Some of us feel so strongly about helping our fellow songwriters that, after very many years of service in the British Academy of Songwriters & Composers (BASCA) as elected Songwriter Executive members, we, the four songwriters in the photo, have resigned. You can read our resignation statement here.
Basically we could not do the job we had been elected to do because of political wrangling involving the suspension of four of our highly respected Song-writer colleagues on spurious allegations of misconduct that were pursued, in our opinion, over zealously costing the organisation dearly in terms of money and status.
Most of our time was taken up trying to defend the perceived injustice leaving no time at all to run the workshops we had previously run such as SONGSHOP, THE BIG DEMO LISTENING EVENT that brought publishers and producers direct to the songwriter or my favorite one TALK TO MY MANAGER that offered opportunities via consultation and advise sessions with new up and coming Music Management.
With all the difficulties in the organisation, the real battle to fight the erosion of copyright that affects all genres in BASCA was being lost in the noise of the internal struggle.
This resignation was not done lightly. BASCA has played a large part in my professional life for many years. It has offered me opportunities that I might never have had without it, so for that I am forever grateful.
I was in my early twenties when I first walked through the door of the old BASCA offices in the Charing Cross Road building. I had no idea how my life was about to change simply by playing my songs to a panel of four distinguished songwriters as part of something called a Song-Surgery. They were Barry Mason, of Last Waltz and Delilah fame; Hal Shaper, a songwriter and Sparta Florida Publisher who had the Blondie Catalogue; Ed Welch; and Guy Fletcher.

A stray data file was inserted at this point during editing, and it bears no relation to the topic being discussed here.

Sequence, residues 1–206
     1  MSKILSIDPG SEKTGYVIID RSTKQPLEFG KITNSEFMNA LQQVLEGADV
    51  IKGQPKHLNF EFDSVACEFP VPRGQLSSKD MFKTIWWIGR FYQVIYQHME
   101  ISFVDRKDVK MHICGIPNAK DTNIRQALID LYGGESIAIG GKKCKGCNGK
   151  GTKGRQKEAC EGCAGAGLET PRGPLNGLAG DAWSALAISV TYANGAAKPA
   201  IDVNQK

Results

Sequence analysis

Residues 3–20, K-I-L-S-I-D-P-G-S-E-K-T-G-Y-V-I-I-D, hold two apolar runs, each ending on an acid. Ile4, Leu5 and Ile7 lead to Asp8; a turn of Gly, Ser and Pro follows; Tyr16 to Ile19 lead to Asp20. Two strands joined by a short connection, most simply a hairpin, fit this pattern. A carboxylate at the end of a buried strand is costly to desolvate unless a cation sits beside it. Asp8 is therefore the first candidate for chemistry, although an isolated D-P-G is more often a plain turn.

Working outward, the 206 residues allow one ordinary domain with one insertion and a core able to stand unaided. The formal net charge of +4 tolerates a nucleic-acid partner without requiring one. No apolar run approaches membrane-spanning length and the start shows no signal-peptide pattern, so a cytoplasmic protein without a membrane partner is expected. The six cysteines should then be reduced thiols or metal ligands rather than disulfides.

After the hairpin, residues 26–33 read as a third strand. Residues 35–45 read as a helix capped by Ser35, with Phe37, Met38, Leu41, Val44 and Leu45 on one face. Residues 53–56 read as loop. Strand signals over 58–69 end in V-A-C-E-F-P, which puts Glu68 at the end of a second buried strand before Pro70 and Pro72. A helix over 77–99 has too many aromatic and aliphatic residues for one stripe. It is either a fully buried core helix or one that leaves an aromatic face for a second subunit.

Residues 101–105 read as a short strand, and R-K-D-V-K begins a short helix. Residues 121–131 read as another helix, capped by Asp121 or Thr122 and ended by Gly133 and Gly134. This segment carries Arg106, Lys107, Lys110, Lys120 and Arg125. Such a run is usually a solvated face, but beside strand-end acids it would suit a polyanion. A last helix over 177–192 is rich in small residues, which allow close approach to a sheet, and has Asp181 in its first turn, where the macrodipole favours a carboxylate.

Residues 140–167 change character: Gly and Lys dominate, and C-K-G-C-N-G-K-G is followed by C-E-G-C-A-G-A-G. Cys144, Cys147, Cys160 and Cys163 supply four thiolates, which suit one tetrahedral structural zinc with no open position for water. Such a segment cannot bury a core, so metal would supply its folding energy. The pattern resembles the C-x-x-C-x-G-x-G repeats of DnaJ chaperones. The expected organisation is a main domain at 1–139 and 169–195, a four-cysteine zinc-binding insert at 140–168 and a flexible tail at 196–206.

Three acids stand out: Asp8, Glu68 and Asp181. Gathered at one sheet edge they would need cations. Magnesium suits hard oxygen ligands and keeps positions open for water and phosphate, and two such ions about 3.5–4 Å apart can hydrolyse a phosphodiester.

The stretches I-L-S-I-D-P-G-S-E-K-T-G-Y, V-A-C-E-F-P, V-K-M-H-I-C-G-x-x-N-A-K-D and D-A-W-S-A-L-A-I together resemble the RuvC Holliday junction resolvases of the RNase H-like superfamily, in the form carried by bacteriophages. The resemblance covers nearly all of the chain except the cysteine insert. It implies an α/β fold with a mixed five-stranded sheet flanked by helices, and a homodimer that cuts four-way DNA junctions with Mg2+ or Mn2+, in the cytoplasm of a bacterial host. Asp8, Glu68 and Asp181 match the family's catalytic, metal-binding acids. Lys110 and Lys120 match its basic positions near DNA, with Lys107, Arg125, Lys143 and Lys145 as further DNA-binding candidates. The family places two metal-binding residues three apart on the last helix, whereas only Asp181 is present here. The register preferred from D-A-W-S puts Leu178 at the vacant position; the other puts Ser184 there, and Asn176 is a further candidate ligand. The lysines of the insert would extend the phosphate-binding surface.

I felt very privileged to hear their thoughts and to get personal advice on my writing (something which, many years later, I was able to do for other songwriters).
But, in the longer term, I got more than just advice. From that one demo-listening session, I got a publishing deal, I was booked to star in a West End Show...and I developed a career. I also became part of a much-valued friendship group and met some great colleagues, many of whom I still work with today.
So, when I left the building near Kings Cross after we had all resigned on Monday, it was with friends: Kim Appleby, Pete Woodroffe and Barry Mason. And yes, it was a sad moment but it also felt symbolic. Barry Mason was the very first person I met when I first joined BASCA all those years ago and here I was again with Barry on my very last day in BASCA.
I’d come in a full circle and I couldn’t have been in better company.